Science of Precision Fermentation

Precision Fermentation is a process that allows us to program micro-organisms to produce almost any complex organic molecule.

Read more about the science behind Precision Fermentation below.

The Science of Precision Fermentation

Precision Fermentation is a process where micro-organisms (usually yeast, algae or bacteria) are programmed with genetic engineering techniques (such as CRISPR, gene editing or cloning).

These micro-organisms are then fermented in brewery-style fermentation tanks to produce a range of fats or proteins that are biologically similar to animal products. Leather, honey, dairy, meat, eggs, fish and any kind of protein imaginable can all be produced by precision fermentation.

Precision Fermentation technology shifts the production of proteins, fats, and other products from animals to bioreactors. But while production within large industrial bioreactors is ultimately more efficient than within an animal’s body, the conditions within and around these bioreactors must be carefully controlled in much the same way that a warm-blooded animal’s nervous system must regulate its body temperature. Environmental control of this kind requires a substantial amount of energy.

The functional protein or indeed any other type of molecule produced through Precision Fermentation, is usually produced in relatively small amounts compared to the total volume of a bioreactor, however, it can also be used in minute amounts as an ingredient in other products. In the case of milk, for example, the protein component is only 3.3% by weight. So the Precision Fermentation facility’s output will often be these individual ingredients to be sold to other businesses to be incorporated into products.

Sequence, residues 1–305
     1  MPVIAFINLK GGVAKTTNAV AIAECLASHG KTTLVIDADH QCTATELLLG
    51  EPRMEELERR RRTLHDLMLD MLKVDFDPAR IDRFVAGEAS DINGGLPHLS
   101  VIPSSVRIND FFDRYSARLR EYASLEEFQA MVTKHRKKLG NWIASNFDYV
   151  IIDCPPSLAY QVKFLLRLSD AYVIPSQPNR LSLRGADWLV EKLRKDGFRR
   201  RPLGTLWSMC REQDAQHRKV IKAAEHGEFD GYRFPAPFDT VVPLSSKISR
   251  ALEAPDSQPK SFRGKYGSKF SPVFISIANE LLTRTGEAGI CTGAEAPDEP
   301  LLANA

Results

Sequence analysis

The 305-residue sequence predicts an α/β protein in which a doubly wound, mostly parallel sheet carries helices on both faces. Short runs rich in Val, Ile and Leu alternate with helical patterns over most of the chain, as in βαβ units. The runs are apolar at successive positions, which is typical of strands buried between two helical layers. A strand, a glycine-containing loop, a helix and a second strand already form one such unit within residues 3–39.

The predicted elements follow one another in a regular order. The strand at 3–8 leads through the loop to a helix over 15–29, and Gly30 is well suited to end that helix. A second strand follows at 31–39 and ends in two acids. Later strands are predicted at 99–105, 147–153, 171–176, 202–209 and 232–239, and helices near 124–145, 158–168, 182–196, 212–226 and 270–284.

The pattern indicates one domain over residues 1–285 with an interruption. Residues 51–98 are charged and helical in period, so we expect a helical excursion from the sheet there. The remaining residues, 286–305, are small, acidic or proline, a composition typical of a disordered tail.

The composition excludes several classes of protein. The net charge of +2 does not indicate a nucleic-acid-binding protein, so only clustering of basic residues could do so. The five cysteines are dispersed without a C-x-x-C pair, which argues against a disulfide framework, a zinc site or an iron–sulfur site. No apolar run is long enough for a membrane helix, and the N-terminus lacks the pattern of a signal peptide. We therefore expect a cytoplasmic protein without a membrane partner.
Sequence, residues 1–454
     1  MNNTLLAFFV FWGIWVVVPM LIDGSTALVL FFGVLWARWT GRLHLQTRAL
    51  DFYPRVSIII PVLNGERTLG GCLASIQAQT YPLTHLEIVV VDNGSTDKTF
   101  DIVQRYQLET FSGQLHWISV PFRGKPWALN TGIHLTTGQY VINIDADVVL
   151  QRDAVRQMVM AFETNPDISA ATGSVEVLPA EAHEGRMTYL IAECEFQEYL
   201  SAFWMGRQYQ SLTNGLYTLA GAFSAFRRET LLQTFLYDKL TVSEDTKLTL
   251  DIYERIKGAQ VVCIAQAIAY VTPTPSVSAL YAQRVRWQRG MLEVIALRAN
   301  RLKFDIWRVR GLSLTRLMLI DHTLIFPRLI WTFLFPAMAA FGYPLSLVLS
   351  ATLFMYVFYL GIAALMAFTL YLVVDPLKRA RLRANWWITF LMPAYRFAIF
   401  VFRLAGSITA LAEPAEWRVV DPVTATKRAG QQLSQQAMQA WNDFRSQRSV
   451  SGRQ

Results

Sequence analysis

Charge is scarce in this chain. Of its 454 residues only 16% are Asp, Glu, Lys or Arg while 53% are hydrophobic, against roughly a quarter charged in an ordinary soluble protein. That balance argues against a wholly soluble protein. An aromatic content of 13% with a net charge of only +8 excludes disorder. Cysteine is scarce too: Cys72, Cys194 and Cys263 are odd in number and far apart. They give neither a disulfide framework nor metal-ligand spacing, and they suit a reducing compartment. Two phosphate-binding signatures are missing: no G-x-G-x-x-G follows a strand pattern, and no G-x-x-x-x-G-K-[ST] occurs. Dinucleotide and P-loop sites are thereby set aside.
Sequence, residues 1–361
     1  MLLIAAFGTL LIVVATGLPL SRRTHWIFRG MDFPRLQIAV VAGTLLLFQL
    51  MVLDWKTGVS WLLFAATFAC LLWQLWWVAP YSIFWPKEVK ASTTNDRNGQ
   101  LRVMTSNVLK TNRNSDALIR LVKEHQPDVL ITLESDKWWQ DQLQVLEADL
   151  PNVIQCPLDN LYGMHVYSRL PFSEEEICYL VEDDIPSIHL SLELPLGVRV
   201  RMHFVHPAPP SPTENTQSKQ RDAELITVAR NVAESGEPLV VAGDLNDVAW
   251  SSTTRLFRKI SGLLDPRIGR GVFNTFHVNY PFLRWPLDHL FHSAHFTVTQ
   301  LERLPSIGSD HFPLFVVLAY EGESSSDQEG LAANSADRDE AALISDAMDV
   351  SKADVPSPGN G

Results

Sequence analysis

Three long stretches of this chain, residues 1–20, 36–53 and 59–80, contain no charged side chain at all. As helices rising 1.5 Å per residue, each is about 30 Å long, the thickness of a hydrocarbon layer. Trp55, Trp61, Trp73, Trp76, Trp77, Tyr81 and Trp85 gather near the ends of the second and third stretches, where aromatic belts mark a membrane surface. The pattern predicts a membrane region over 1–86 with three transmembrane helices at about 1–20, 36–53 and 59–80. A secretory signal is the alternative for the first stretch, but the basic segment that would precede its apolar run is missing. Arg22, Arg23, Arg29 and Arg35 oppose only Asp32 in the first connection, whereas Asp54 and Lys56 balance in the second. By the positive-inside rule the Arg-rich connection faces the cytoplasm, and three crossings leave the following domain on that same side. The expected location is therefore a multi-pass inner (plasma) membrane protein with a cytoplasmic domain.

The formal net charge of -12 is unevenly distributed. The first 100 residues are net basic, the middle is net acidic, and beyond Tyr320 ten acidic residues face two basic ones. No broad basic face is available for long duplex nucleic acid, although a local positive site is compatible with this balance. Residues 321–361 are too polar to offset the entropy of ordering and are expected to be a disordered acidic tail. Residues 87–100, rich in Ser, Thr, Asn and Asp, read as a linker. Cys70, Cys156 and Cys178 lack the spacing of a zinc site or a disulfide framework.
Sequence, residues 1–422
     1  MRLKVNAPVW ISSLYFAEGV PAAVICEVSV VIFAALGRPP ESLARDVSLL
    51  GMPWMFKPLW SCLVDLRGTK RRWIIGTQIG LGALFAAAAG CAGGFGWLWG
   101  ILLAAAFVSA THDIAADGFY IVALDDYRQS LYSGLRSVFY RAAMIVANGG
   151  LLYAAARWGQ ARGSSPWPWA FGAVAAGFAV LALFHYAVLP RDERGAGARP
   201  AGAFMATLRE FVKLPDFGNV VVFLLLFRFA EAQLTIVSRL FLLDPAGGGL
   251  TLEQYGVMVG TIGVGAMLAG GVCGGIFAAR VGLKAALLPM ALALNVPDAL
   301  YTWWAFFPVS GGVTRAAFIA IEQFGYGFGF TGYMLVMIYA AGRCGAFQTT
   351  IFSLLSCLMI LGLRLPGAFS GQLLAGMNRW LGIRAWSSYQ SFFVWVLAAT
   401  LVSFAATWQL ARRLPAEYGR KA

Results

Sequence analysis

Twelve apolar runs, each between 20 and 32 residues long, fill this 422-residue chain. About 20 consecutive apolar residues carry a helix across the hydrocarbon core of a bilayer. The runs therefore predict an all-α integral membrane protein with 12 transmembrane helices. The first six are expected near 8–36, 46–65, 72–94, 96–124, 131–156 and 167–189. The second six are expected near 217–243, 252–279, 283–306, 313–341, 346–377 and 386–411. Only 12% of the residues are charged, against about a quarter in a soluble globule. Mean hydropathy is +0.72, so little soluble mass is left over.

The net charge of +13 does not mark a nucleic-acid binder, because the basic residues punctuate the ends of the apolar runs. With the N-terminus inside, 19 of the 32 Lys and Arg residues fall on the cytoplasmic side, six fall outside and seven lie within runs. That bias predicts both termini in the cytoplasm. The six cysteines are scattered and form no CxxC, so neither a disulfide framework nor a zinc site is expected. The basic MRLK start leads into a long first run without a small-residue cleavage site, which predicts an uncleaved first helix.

After the fermentation process ends there is often a much higher volume of microorganisms than there are kg of the desired ingredients. Some companies capitalize on this biomass, as it can be dried and formed into high-protein food, feed or material products. Many companies, in fact, focus exclusively on producing this dried biomass. Single-cell agriculture and the production of mycoprotein using fungal microorganisms is one of the most established technologies for creating meat alternatives, and often has far greater yields for similar inputs. 

Cellular agriculture, another emerging technology, makes whole muscle cuts of meat and fish by growing the animal cells outside an animal in a bioreactor. Unlike Precision Fermentation, a kg of cell-based meat is a whole product and will be purchased in similar amounts to cuts of meat. But growing cells is more challenging than fermenting micro-organisms partly because it is difficult to get cells to proliferate in large volumes with high cell density. This can make the yields lower even though the output is a finished product.

Precision Fermentation is possible because of the extraordinary progress we’ve made in our understanding of precision biology.

Precision biology is the combination of our knowledge of modern information technologies (like artificial intelligence (AI), machine learning and the cloud) with our knowledge of modern biotechnologies (like genetic engineering, synthetic biology, metabolic engineering, systems biology, bioinformatics and computational biology).

Scientists use precision biology to understand genetic information, including the proteins and other molecules that make up our plants and animals. Scientists store this genetic information in massive searchable databases, and use this information to copy, edit and paste genetic sequences, even brand new sequences they have designed, into microbes. These microbes can then act as highly efficient factories. They consume the genetic information scientists give them (whether from a plant, animal, or something entirely new) to create a brand new substance or product.

Through Precision Fermentation, scientists are able remove the harmful or unwanted qualities of a food or product, and add in beneficial qualities which they want to enhance. In this way, Precision Fermentation can create products that can look, feel, or even taste better.


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